Figure 1: Infographic on natural capitals and ecosystem services.

Key Stakeholders

This topic falls into the responsibility of the European Commission’s Directorate General for Environment (DG ENV). It ensures environmental protection with proposals for and the implementation of environmental policies. 

The European Environmental Agency (EEA) is the agency of the European Union whose goal is to be the primary source of environmental knowledge at the European level. It assists the Member States to be informed in order to make more sustainable environmental decisions. The gathering of data related to environmental issues also falls into the responsibility of EEA. 

The EEA coordinates its activities with the European Environment Information and Observation Network (Eionet). It is the EEA’s responsibility to develop Eionet and coordinate its activities together with National Focal Points (NFPs) in other countries. 

The International Union for Conservation of Nature (IUCN) is an union that brings government and civil society organisations together to accelerate environmental protection. Assisting the implementation process of national conservation measures and supporting environmental research through the member organisations are some of IUCN’s responsibilities.

EUROPARC is a network whose aim is ​​to improve the management of Protected Areas in Europe through international cooperation, exchange of ideas and experience, and by influencing policy. 

The Intergovernmental Science-Policy Platform on Biodiversity and Ecosystem Services (IPBES) is an organisation aiming to harness scientific expertise and policy making processes in order to ensure knowledge-based, scientific policies. Making assessments on specific themes, policy support, building capacity and knowledge, and ensuring wider outreach are the main responsibilities of the IPBES.

Environmental policy is a shared competence, meaning the Member States can adopt their own legislation, but are obliged to implement the binding policies adopted by the European Union. However this process can be challenging with the lack of coordination between the stakeholders, policy makers, and the public. Civil society organisations (CSOs) play a crucial role in order to enhance the communication between local actors and the governmental organisations. Implementation and monitoring processes highly depend on civil society organisations since they form a tangible connection between stakeholders.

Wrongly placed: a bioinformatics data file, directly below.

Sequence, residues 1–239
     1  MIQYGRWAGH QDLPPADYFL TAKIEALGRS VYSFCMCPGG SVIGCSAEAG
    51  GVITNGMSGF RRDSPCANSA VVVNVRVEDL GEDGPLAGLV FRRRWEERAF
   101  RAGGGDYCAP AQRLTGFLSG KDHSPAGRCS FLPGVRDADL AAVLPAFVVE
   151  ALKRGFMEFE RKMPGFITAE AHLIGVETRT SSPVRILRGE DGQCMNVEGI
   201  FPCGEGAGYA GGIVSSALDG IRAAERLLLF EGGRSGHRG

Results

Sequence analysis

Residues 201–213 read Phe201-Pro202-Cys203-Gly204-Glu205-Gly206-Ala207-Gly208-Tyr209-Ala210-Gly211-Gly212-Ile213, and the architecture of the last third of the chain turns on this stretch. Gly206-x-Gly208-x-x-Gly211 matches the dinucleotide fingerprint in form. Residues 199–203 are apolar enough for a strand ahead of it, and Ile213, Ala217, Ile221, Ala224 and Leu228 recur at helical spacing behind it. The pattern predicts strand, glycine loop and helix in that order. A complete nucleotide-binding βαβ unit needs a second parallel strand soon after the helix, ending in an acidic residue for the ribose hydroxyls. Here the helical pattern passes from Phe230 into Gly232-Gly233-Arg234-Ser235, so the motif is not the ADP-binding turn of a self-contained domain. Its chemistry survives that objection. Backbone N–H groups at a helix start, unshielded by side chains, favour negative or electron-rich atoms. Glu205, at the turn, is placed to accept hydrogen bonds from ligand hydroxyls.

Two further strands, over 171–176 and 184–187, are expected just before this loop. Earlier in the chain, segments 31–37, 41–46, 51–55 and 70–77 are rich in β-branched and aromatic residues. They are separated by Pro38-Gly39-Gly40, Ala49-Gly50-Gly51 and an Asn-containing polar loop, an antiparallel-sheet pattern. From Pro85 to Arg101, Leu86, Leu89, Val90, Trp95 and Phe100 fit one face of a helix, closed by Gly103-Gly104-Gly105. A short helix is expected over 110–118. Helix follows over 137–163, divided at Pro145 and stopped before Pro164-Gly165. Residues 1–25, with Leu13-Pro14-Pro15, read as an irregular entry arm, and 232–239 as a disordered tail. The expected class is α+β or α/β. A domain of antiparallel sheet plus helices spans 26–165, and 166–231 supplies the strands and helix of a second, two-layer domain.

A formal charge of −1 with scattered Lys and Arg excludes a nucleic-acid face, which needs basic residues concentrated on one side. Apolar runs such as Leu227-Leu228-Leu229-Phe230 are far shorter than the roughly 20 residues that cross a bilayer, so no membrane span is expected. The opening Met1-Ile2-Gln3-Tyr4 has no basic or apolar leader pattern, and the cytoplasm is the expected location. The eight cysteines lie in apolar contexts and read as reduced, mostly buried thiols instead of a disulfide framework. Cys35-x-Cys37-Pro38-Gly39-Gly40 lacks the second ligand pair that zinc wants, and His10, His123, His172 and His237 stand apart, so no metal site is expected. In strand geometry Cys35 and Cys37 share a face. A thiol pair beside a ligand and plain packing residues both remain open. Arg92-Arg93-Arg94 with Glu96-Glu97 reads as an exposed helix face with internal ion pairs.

Figure 2: The Key Stakeholders of the Topic.

Key Conflicts

Capitalism versus Environmental Action

The conflict around implementing environmental action concerning biodiversity arises within economic doubts. Some say the application of environmental policies causes pollution-intensive companies to be exposed to cost imposements. Thus, policymakers shy away from implementing strict nature protection regulations due to the fear of possible alteration of companies’ competitiveness, job loss, and increased production costs. In a world dominated by capital flows, environmental protection can come across as sacrificing economic performance. However, economic development and environmental action are not as fully in opposition as they may appear. Environmental policies could also enhance productivity, increase the quality of employment, and encourage the transition to a resilient and sustainable economy.

The Climate Is Changing Why Aren’t We

Biodiversity and climate change are immensely interconnected. Tackling the issue of climate change cannot be achieved without protecting biodiversity, and protecting species and habitats is impossible without mitigating climate change. Climate change puts pressure on biodiversity, causing species to decline. At the same time, climate change will accelerate further if biodiversity and ecosystems are not effectively protected. Humanity is facing a problem in which the cause and the outcome should be addressed in an integrated manner

Biodiversity maintenance has the utmost importance in mitigating climate change since it increases resilience by ensuring that there are enough different species to sustain ecological processes in the event of unforeseen disturbances. Terrestrial and marine ecosystems play a crucial role in regulating climate, currently absorbing roughly half of manmade carbon emissions. Trees purify the air, provide carbon storage, cool the surrounding area, and prevent floods by storing water. However, biodiversity’s role in mitigating climate change is often neglected.